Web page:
She married Barry de la Feld at Caxton Hall in Westminster on 2 June 1937 and within weeks both she and her husband were accused of numerous frauds.

Their activities began immediately as the two travelled around England (Cornwall, Somerset, Avon), Jersey and Ireland as Count and Countess de la Feld, obtaining goods from tradesmen on the strength of their title. In Jersey, Countess de la Feld obtained a passport in the name of Theodora Craster (uusually reported as Custa) and the Count shortly after . It was reported that the two were arrested on Friday, 20 August 1937 and appeared at Bristol Police Court the following day, appearing under the names Roger Beaumont (25) and Theodora Mary Craster (31), also known as the Count and Countess de la Feld, on warrants issued by the Metropolitan and Truro police.

The "Countess" appeared before Mr. Paul Bennett the following Monday charged with obtaining £6 by false pretences on 6 August. On the same day, Barry Shafto Jackson, alias Count Barry de la Feld, was charged in Truro with obtaining goods to the value of £7 17s. 8d. from Messrs. Timothy White and Taylors Ltd. by false pretences between 25 June and 1 July.

In June, the Count and Countess Barry de la Feld, were spending their honeymoon n Cornwall and granting a number of interviews with newspapers. The Count, a former Catholic priest, hoped to go the following month to either St Augustine's, Canterbury, or Wells Theological College, for six or eight months; he was considering subsequently working as a missionary in Africa. When interviewed. the Count wore clerical garb.

The Countess explained how she had met the Count—and the consequences of their marriage—in an interview with the Western Morning News (7 July 1937):
It was five years ago in the Church of San Silvestro in Rome, which is the church for English-speaking Catholics. He was a priest, and I was introduced to him, but did not see him again until six months ago. The Church of Rome does not allow married priests and we have had a lot of trouble in consequence.
    We have been literally hunted to death. There has been quite a scandal about him leaving the Church, and we have had insulting letters from priests and Archbishops.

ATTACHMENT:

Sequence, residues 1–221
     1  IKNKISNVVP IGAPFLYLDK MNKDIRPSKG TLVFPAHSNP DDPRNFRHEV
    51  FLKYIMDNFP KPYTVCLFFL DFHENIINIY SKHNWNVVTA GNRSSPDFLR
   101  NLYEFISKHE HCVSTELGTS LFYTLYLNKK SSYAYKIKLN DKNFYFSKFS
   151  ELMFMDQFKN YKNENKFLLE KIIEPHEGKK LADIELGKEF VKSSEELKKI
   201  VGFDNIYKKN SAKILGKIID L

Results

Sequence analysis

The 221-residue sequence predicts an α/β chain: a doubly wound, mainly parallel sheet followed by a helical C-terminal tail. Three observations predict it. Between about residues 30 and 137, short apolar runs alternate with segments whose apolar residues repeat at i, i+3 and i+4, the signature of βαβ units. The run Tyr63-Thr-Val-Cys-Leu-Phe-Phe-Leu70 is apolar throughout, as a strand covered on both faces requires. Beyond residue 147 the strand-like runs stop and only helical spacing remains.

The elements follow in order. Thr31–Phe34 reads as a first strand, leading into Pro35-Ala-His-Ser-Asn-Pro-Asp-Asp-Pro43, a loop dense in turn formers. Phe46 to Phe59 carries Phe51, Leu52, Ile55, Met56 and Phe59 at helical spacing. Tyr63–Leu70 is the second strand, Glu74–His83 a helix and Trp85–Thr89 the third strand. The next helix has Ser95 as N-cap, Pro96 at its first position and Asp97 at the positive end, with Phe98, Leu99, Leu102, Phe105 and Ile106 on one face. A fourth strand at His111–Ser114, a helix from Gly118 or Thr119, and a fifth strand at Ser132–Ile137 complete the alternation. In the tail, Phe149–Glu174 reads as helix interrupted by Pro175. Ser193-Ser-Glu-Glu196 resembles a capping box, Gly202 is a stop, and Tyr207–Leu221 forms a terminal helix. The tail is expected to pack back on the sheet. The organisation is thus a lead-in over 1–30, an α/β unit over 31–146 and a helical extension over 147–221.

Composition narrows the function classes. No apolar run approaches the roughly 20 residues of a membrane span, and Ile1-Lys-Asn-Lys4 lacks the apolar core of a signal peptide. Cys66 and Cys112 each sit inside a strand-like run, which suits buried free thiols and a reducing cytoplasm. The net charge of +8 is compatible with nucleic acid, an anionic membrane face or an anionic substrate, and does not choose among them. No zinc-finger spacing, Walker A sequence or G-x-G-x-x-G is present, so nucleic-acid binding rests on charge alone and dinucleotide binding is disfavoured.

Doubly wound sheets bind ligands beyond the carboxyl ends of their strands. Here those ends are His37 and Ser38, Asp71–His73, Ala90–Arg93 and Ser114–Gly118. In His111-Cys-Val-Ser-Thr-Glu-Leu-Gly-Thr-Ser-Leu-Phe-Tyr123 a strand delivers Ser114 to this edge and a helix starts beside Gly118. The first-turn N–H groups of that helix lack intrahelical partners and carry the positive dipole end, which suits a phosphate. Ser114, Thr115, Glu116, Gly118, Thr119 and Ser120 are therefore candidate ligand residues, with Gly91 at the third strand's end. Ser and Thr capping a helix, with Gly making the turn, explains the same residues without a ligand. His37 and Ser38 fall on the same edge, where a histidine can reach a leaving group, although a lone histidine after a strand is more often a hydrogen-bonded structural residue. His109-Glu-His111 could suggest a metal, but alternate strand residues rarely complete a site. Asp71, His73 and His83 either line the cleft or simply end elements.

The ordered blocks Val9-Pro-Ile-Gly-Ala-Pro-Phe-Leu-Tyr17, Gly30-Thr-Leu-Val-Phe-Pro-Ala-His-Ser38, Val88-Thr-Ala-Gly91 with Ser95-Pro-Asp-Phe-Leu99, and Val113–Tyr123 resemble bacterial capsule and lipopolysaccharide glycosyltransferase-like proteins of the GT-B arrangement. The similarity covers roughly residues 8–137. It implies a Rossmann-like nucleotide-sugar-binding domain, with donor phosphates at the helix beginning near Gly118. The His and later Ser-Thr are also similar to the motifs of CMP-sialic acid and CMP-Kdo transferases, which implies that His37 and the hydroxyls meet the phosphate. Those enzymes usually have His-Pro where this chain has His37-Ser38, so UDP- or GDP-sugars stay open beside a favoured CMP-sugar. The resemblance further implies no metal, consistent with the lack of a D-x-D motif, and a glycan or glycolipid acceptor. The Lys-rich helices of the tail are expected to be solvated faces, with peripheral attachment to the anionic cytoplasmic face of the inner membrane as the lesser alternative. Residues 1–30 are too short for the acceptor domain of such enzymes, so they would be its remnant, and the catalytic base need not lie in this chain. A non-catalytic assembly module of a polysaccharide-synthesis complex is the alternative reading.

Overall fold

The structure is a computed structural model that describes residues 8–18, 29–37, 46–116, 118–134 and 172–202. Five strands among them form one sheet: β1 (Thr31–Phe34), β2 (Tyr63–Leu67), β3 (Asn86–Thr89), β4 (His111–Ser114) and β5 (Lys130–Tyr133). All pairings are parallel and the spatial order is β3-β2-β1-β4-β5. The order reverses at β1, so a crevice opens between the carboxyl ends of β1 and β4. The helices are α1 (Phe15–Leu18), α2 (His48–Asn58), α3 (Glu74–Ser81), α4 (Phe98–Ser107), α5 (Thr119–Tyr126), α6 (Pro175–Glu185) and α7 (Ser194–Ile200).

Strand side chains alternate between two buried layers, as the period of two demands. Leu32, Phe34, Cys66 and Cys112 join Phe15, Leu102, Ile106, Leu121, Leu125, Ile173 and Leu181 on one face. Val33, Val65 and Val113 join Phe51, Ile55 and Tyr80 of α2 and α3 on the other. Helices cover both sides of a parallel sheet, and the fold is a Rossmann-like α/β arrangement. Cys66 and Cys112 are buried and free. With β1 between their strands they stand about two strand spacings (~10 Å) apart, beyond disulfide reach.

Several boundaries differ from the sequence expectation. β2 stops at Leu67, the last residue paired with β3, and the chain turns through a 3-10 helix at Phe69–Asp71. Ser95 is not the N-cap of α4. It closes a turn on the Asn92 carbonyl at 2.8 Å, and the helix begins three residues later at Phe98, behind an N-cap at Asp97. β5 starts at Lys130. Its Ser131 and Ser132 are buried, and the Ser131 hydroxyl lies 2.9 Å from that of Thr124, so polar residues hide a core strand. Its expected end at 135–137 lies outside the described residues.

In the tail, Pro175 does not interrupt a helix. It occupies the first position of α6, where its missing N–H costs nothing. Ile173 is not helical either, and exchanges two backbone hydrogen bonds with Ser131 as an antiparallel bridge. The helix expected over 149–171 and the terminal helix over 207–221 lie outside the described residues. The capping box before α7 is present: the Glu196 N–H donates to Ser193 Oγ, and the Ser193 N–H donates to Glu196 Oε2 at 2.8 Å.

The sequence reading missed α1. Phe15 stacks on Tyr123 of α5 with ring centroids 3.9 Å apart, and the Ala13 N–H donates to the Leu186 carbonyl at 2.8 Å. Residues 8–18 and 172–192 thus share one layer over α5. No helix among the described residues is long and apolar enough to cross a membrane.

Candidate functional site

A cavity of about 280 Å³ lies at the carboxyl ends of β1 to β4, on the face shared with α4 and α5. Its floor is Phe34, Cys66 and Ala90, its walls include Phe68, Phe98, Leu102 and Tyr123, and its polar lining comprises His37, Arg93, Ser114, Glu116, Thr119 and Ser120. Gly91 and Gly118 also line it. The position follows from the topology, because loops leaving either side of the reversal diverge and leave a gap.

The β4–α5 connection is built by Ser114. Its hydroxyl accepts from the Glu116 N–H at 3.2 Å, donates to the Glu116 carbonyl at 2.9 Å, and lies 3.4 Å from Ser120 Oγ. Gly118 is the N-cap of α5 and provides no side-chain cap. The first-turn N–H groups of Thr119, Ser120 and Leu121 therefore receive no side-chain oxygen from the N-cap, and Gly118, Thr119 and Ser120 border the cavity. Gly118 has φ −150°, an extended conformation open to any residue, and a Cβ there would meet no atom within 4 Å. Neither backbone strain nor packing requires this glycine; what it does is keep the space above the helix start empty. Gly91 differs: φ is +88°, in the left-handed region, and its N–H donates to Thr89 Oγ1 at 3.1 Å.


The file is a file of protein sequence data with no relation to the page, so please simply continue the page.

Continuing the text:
That is why, up to now, we have had only a civil marriage in Caxton Hall, London, but we are having a religious ceremony in Bristol Cathedral shortly. Because of this trouble my husband is becoming an Anglo-Catholic.
Giving the story an added twist was the revelation that the Countess was an ex-nun, and the story of the marriage of the ex-priest and the ex-nun travelled widely in local newspapers and even made it as far as the famous Life magazine, which recorded that "Father Leopold" had outraged the Church by marrying and a Papal bull was issued excommunicating both.

It wasn't long before accusations were made against the couple. The Bishop of Bristol declared that the Count was not a member of the Church of England. A London newspaper shortly after claimed that the Count de la Feld was, in fact, named Barry Shafto Jackson and he was the son of a London cook.

The Countess left Cornwall and took a single room at a hotel in Wells, Somerset, on 10 July, signing the register Countess Delafield of 77 Audley Street, London W.1. She chatted easily to the staff and claimed that she was expecting the Count to arrive in Wells by Wednesday. On Monday (12 July) she went to Bristol by bus to visit him. Returning to Wells, she transferred to another hotel.

When interviewed she protested vehemently against accusations published in newspapers. "The statements are libellous," she declared. "This persecution must stop. It is becoming a menace. This morning I seriously considered getting police protection." It was, she said, still the Count's intention to enter the Church of England, but she was not aware of his present whereabouts.

As to the notion that he was really Barry Shafto Jackson, the Countess stormed: "He's a Count. His name has never been Jackson and what's more he can't cook. He has papers to prove who he is."

As mentioned above, the couple were soon after arrested and the Count—under the names Barry Shafto Jackson (reported widely as Barry Shafto), alias Count Barry de la Feld, of no fixed abode—was charged in Truro on 23 August; he was remanded in custody for eight days and bail was refused. At the same time, in West London, the Countess was also remanded for eight days, magistrates accepting a surety in £25.

What happened next will be revealed tomorrow.